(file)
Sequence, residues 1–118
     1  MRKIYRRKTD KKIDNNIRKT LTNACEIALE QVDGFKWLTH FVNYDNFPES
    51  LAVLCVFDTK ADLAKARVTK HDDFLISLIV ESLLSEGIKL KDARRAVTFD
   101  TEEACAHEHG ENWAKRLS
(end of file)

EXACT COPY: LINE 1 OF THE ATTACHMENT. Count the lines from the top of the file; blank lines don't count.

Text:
Sequence, residues 1–118